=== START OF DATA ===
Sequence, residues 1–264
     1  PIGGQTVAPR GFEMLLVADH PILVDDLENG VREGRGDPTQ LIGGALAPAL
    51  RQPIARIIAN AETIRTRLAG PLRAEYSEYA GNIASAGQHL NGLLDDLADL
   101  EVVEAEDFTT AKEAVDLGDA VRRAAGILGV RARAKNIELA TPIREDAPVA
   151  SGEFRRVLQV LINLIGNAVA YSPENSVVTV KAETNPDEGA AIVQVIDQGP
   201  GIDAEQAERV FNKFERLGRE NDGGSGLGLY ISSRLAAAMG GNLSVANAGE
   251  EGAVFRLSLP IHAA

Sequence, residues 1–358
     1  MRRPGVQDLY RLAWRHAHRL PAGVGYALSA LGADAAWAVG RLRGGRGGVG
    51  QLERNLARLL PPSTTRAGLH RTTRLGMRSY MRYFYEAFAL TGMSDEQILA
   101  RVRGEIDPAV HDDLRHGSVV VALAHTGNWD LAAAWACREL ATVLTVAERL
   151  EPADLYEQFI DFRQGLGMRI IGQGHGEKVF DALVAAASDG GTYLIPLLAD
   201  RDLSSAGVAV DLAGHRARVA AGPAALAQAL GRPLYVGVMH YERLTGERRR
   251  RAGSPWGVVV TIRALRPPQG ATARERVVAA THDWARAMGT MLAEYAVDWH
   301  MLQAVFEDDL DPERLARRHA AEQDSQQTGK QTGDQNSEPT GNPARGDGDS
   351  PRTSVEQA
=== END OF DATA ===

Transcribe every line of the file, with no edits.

Sequence, residues 1–264
     1  PIGGQTVAPR GFEMLLVADH PILVDDLENG VREGRGDPTQ LIGGALAPAL
    51  RQPIARIIAN AETIRTRLAG PLRAEYSEYA GNIASAGQHL NGLLDDLADL
   101  EVVEAEDFTT AKEAVDLGDA VRRAAGILGV RARAKNIELA TPIREDAPVA
   151  SGEFRRVLQV LINLIGNAVA YSPENSVVTV KAETNPDEGA AIVQVIDQGP
   201  GIDAEQAERV FNKFERLGRE NDGGSGLGLY ISSRLAAAMG GNLSVANAGE
   251  EGAVFRLSLP IHAA

Sequence, residues 1–358
     1  MRRPGVQDLY RLAWRHAHRL PAGVGYALSA LGADAAWAVG RLRGGRGGVG
    51  QLERNLARLL PPSTTRAGLH RTTRLGMRSY MRYFYEAFAL TGMSDEQILA
   101  RVRGEIDPAV HDDLRHGSVV VALAHTGNWD LAAAWACREL ATVLTVAERL
   151  EPADLYEQFI DFRQGLGMRI IGQGHGEKVF DALVAAASDG GTYLIPLLAD
   201  RDLSSAGVAV DLAGHRARVA AGPAALAQAL GRPLYVGVMH YERLTGERRR
   251  RAGSPWGVVV TIRALRPPQG ATARERVVAA THDWARAMGT MLAEYAVDWH
   301  MLQAVFEDDL DPERLARRHA AEQDSQQTGK QTGDQNSEPT GNPARGDGDS
   351  PRTSVEQA